When a farmer traverses the highlands and lowlands of the countryside in search of his lost calf, he returns to his village with an eagle chick.

He decides to keep the eagle among the chickens on the compound.

“The eagle is the king of the birds,” he said, “but we shall train it to be a chicken.”

So the eagle lived among the chickens, learning their ways.

One day, a friend comes over to visit the farmer…

The friend saw the bird among the chickens. “Hey! That’s not a chicken. It’s an eagle!”

The farmer smiled to him and said, “Of course it’s a chicken. Look – it walks like a chicken, it talks like a chicken, it eats like a chicken. It thinks like a chicken. Of course it’s a chicken.

Unconvinced, his friend sets out to prove to the farmer that the bird is indeed an eagle.

Fly, Eagle, Fly! is a Ghanaian fable originally told by educationist James Kwegyir Aggrey also known as “Aggrey of Africa” (October 18, 1875 – July 30, 1927). He was born during the colonial era when the greater part of modern Ghana was called the Gold Coast. Working as a pastor and educator, he toured the African continent and shared this story time and again to inspire confidence.

When Aggrey told this story, he used to end by saying,

“…don’t be content with the food of chickens! Stretch forth your wings and fly!”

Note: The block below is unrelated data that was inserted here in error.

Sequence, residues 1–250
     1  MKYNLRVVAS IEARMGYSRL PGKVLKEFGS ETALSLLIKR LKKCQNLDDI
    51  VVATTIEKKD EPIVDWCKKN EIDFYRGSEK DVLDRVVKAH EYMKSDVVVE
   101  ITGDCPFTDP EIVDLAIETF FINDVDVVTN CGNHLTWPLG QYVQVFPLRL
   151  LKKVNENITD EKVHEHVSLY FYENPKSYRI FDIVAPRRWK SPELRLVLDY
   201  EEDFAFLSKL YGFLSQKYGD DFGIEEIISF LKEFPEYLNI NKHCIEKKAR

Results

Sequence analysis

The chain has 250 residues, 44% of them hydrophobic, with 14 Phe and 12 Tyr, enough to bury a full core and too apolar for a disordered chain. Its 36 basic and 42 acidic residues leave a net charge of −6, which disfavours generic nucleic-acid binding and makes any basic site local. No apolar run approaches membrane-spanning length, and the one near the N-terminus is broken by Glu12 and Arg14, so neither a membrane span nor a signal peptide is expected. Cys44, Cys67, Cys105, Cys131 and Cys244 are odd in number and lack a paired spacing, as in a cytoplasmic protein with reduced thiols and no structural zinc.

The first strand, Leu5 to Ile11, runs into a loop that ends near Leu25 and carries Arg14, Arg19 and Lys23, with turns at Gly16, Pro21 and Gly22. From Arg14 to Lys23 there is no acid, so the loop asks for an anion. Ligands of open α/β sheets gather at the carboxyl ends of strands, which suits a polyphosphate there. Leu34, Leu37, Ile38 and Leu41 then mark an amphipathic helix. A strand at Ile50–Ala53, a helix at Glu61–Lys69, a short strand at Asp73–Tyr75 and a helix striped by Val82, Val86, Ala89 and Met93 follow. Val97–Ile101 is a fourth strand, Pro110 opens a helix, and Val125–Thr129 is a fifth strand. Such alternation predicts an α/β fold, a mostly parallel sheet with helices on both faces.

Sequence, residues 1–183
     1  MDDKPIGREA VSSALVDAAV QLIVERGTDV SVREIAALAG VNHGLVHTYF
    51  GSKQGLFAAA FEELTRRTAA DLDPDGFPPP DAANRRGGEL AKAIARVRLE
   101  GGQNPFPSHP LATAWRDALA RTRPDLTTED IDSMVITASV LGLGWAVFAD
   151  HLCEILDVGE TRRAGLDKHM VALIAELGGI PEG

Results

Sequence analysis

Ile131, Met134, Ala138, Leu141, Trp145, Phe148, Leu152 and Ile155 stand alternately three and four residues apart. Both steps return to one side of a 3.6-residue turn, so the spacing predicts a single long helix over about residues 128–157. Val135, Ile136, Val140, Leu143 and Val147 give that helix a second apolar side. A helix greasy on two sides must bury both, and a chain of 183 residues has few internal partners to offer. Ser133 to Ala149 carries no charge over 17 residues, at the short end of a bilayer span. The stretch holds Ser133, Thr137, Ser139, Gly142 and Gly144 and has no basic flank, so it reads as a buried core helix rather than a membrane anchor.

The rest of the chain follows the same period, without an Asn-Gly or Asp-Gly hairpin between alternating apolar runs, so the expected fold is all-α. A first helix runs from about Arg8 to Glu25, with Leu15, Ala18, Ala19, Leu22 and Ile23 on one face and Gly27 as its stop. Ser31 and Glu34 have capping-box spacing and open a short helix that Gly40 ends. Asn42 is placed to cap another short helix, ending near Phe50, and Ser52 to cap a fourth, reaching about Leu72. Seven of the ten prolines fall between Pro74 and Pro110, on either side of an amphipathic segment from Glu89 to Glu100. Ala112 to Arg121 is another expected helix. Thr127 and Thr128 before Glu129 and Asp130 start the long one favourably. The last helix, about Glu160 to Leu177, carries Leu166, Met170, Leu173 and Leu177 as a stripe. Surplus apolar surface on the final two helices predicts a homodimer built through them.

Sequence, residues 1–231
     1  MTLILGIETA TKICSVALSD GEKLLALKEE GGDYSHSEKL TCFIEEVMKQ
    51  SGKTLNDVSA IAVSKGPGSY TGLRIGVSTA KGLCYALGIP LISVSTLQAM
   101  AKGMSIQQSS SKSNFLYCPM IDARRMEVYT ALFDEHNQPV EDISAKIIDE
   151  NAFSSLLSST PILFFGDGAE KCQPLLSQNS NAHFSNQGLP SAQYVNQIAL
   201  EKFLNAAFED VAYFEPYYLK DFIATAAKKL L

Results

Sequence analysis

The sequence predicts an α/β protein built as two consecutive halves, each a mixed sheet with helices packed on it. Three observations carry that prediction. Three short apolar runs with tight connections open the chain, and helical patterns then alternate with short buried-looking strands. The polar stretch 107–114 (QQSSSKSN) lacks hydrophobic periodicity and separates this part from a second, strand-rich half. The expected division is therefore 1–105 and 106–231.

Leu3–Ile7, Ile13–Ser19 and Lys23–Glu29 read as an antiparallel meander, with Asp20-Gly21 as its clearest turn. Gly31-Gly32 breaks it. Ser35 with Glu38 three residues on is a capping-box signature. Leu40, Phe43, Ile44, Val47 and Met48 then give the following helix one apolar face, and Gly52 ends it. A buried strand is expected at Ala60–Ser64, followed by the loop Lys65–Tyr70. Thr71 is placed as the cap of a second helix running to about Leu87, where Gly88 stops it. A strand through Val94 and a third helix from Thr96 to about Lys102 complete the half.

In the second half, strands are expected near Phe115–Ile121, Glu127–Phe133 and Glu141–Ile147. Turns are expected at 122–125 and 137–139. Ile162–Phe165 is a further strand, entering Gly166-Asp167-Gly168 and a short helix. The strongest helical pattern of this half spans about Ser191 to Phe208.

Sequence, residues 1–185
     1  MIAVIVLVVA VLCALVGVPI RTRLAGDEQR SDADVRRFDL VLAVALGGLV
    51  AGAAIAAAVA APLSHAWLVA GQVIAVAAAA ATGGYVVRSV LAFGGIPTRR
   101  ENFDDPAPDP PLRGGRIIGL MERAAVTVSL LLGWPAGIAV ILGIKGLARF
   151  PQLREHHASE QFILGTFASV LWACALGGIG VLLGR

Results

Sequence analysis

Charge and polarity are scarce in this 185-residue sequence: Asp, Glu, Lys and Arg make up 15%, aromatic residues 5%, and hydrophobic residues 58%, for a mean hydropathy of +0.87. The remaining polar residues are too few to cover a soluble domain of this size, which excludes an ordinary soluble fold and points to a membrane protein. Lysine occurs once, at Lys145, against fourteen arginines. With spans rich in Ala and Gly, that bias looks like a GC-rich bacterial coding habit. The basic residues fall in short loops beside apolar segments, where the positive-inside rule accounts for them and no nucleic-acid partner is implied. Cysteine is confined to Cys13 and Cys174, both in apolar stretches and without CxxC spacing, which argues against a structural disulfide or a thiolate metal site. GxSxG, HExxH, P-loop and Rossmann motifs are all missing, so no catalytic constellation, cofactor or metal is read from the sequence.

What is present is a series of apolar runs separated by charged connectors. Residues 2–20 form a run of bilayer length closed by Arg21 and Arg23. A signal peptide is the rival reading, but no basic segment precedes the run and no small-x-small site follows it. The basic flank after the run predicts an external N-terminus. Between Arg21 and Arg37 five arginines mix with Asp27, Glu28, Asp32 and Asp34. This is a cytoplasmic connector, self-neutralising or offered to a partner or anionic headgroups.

At this, children would run excitedly around their playgrounds with arms outstretched like the wings of eagles.

This children’s book is an adaptation of Aggrey’s fable by Christopher Gregorowski. He wrote it for his dying daughter when he was working among the Xhosa-speaking people of Southern Africa as an Anglican Priest. He wanted it to help her understand that we are all born to be eagles that are lifted up by the might of the Spirit.

I bought a copy for my six-year-old nephew a while back, but ended up getting hooked to the story when I skimmed through it in the bookshop so I kept it for a reread to motivate myself (and yes, my nephew did get the book).

In its simplicity, the story continues to inspire me. It reminds me that I am not meant to scratch the ground and peck about like a chicken, but to soar with the rising sun to greater heights like an eagle.